With the the Rolling Stones' two North American concert dates coming up fast, Billboard snagged Mick Jagger and Keith Richards, aka the legendary Glimmer Twins, for an interview about their band's 50th anniversary. In between questions about their two new tracks and what 2013 looks like for the Stones, they snuck in the question that's been on every fan's mind: What's up with these exorbitant ticket prices?
"You might say, 'The tickets are too expensive,'" Jagger responded (FYI, the best seats are going for $750 and the nosebleeds are $95). "Well, it's a very expensive show to put on, just to do four shows. Because normally you do a hundred shows and you'd have the same expenses. We can't, in four shows, change the whole ticketing system."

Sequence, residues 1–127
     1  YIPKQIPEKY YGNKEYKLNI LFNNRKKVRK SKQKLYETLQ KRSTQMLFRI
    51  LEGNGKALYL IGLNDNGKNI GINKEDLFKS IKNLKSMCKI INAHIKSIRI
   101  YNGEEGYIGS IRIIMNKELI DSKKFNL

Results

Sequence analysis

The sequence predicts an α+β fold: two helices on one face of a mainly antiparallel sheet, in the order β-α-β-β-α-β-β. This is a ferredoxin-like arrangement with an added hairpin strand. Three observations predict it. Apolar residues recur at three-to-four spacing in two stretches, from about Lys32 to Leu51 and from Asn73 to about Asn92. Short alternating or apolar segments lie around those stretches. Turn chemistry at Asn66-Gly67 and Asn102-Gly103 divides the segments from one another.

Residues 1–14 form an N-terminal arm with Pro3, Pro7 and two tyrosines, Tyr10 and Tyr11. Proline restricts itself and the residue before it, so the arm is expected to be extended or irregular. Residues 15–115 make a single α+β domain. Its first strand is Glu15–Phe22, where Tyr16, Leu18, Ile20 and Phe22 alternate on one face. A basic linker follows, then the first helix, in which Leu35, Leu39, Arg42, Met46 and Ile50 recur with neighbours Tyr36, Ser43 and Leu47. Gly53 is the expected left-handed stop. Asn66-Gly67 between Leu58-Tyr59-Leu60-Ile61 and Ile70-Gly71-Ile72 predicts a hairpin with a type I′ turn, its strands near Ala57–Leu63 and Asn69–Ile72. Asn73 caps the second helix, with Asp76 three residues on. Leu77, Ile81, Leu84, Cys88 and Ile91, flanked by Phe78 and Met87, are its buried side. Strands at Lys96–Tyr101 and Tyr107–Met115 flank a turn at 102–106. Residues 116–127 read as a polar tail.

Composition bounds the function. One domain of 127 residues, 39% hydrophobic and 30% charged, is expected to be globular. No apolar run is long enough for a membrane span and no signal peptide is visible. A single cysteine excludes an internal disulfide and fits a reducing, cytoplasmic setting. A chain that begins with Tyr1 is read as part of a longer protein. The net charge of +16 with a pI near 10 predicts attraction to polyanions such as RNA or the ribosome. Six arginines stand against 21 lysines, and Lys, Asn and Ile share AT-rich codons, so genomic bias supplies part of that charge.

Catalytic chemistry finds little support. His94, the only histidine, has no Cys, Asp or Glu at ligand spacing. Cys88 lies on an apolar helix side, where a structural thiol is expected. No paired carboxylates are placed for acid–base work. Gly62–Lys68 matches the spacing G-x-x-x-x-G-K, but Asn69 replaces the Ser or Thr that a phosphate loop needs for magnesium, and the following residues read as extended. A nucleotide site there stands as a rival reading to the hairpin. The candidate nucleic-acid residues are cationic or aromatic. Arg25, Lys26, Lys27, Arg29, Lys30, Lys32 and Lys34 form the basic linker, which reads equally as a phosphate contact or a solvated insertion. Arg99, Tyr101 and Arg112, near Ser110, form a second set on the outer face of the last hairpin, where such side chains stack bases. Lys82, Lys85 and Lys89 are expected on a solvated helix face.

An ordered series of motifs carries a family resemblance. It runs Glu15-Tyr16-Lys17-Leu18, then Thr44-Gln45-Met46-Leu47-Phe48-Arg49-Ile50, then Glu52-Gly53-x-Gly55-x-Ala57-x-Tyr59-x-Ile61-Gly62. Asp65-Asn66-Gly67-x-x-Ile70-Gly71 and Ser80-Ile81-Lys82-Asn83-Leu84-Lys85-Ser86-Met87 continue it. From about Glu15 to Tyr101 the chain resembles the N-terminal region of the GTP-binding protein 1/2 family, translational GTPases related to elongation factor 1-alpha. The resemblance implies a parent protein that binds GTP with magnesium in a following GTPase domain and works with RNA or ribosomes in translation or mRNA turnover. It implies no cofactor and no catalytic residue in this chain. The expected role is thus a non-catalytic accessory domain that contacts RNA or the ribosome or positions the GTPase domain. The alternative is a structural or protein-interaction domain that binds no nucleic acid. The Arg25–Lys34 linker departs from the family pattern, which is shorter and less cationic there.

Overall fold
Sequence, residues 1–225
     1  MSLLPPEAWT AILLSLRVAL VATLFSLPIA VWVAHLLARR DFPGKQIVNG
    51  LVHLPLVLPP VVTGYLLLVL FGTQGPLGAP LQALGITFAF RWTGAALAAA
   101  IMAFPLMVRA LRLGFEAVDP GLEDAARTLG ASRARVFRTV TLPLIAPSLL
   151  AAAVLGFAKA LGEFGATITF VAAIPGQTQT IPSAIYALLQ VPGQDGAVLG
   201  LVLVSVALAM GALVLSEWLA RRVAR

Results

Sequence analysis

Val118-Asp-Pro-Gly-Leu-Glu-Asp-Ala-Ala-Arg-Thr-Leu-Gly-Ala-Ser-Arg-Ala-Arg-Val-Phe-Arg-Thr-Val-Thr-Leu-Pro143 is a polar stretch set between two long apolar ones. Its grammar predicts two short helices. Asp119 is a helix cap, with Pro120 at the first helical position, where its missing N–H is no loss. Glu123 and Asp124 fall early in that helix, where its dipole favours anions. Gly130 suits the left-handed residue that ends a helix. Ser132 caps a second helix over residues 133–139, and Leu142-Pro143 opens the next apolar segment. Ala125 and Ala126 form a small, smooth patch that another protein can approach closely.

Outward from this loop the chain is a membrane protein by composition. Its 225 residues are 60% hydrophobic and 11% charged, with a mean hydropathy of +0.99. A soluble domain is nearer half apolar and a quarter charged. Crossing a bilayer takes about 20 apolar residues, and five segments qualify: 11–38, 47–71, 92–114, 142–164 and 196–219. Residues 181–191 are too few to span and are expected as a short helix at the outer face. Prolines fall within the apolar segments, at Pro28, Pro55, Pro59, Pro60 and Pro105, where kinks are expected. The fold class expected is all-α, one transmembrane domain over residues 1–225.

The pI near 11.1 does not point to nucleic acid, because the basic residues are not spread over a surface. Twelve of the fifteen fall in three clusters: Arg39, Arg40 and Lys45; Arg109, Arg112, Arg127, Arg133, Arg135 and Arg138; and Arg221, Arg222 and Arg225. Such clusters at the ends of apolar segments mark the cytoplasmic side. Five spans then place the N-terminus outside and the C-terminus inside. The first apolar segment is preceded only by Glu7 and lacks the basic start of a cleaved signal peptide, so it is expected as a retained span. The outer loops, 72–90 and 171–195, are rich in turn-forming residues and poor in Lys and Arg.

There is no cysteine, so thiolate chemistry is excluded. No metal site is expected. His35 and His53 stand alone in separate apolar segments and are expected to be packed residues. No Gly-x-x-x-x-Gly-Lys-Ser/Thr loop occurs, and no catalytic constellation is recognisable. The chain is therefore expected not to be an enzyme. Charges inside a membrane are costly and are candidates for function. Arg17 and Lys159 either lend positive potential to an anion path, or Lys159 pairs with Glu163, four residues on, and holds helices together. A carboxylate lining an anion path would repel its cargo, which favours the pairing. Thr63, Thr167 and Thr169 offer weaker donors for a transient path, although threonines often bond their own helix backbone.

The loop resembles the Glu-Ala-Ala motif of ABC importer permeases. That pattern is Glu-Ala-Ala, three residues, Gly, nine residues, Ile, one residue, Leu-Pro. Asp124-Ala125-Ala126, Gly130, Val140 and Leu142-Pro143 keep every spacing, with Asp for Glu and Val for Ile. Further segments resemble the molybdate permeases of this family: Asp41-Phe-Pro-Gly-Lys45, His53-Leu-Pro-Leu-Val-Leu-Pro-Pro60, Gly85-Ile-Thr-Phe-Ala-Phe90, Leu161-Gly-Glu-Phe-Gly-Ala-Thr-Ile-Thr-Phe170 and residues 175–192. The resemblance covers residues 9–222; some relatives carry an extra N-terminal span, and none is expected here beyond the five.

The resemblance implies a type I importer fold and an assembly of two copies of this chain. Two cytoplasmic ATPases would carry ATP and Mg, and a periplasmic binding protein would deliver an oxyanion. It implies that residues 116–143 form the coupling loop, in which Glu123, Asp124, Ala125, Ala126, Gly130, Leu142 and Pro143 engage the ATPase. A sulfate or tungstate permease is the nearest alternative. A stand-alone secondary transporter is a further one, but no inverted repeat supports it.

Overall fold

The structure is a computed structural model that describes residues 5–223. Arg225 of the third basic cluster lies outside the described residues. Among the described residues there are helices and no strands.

Jagger also pointed out that most of the tickets are selling (thanks to scalpers) at much steeper rates than what they're asking for. "Most of the tickets go for a higher price than we've sold them for, so you can see the market is there," Jagger said. "And I just want to point out that we don't get that difference."
He's right, of course. Some people are willing to shell out more than a thousand bones to see the living legends. But hearing the Stones—who are wealthy beyond traditional definitions of "filthy rich"—talk about ticket prices is like hearing Arrested Development's upper class matriarch Lucille Bluth trying to comprehend the cost of living ("How much could a banana cost? Ten dollars?").
So tickets that cost $95-750 probably seem more reasonable to the Stones than to fans. After all, for $750, you might as well buy a new laptop. Mick might be right, but the price tag still stings.
What kind of time warp?! '90s (and early 2000s) rock icons Fred Durst, Scott Weiland and Mark McGrath get photobombed by '70s icon Wayne Newton, aka Mr. Las Vegas. This should be all these guys' Christmas cards.